“The only thing we need is more company. We don’t need your sympathy, we need your company," Tar Sands Action leader Bill McKibben said from jail, according to Jamie Henn of 350.org.
An estimated 45 additional arrests were made on Sunday as thousands of protestors continued their effor ts to fight the Keystone XL pipeline. Over the course of two weeks, people for Tar Sands Action plan to continue a sit-in at the White House as an act of civil disobedience to urge President Obama to reject the requested Keystone XL pipeline permit.
According to Henn, up to 100 people were expected to attend a training on Sunday night to prepare for Monday's sit-ins, including a group of Nebraska farmers and a ranchers. Jane Kleeb, Director of Bold Nebraska, said:
Back home we are fighting to protect our land and water. We decided to bring that fight to the President’s doorstep because our families’ legacies, those that homesteaded the very land now threatened by a foreign oil company, are too important for us sit on the sidelines. We are acting on our values and expect our President to act as well.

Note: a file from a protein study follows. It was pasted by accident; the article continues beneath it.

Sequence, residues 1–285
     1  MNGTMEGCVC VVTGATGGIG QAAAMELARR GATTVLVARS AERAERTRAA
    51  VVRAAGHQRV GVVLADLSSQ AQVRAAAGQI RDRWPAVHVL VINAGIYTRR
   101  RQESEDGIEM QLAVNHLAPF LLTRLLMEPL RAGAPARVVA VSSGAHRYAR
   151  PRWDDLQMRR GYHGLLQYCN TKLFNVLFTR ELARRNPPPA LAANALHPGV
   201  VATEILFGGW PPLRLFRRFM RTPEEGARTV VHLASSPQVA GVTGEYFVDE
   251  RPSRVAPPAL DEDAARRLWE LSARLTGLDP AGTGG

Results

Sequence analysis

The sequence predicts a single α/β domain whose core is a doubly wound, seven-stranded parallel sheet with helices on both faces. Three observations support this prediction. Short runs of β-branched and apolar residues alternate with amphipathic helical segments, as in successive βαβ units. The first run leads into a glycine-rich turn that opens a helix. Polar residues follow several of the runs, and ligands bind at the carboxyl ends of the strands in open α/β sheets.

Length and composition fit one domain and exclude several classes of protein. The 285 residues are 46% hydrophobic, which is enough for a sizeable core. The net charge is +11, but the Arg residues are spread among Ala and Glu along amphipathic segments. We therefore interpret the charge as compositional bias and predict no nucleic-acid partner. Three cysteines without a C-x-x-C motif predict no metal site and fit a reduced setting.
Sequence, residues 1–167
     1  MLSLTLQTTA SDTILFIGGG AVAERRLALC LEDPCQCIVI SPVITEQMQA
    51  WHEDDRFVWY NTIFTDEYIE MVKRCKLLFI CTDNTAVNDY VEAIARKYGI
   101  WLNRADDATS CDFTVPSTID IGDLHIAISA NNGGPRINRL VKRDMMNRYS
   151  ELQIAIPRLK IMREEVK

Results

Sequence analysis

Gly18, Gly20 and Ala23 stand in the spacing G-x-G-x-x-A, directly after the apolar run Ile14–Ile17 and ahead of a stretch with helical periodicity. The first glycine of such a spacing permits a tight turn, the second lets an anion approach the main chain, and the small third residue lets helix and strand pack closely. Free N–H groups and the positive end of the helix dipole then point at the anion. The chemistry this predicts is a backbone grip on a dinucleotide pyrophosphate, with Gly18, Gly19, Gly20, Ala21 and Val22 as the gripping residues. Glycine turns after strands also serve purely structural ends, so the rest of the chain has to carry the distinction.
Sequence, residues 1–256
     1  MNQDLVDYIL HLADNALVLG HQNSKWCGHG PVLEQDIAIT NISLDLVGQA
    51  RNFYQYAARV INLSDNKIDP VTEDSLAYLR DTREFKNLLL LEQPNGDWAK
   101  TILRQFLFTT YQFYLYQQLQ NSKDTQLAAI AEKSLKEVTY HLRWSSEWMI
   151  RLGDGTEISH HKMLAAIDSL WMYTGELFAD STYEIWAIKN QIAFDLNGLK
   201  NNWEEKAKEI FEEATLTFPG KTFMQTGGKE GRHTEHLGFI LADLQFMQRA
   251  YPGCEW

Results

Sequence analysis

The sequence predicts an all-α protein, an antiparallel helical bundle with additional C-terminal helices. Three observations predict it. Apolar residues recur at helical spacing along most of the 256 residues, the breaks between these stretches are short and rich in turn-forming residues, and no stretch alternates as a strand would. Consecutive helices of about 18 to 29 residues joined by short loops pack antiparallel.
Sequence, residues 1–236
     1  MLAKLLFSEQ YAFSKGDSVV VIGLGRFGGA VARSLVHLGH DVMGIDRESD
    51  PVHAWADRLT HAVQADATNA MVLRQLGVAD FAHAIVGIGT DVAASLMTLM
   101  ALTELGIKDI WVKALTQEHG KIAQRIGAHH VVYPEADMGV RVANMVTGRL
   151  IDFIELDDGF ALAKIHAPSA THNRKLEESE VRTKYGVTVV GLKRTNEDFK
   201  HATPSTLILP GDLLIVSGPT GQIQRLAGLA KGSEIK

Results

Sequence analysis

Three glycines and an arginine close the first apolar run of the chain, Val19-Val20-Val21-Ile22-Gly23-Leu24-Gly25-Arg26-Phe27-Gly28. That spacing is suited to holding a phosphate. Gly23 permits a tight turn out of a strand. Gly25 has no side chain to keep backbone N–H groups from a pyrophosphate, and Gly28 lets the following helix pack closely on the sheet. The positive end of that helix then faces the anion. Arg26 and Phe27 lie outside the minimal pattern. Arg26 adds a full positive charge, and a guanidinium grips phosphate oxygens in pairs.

The Canadian Press reports that by the end of the year, Obama will decide whether or not to permit the pipeline to be built. Despite much opposition, advocates argue that the pipeline would create many jobs and decrease U.S. reliance on foreign oil.
A CBS/AP report suggests that President Obama's decision could influence environmentalists who once voted for him:
Holding a sign that read "Obama, will you stand up to big oil?", protesters lingered outside the White House even after police announced they would be arrested if they did not move.
One by one, police called protesters out of the crowd, placed them under arrest and led them into a police vehicle.
Article courtesy of Huffingtonpost.com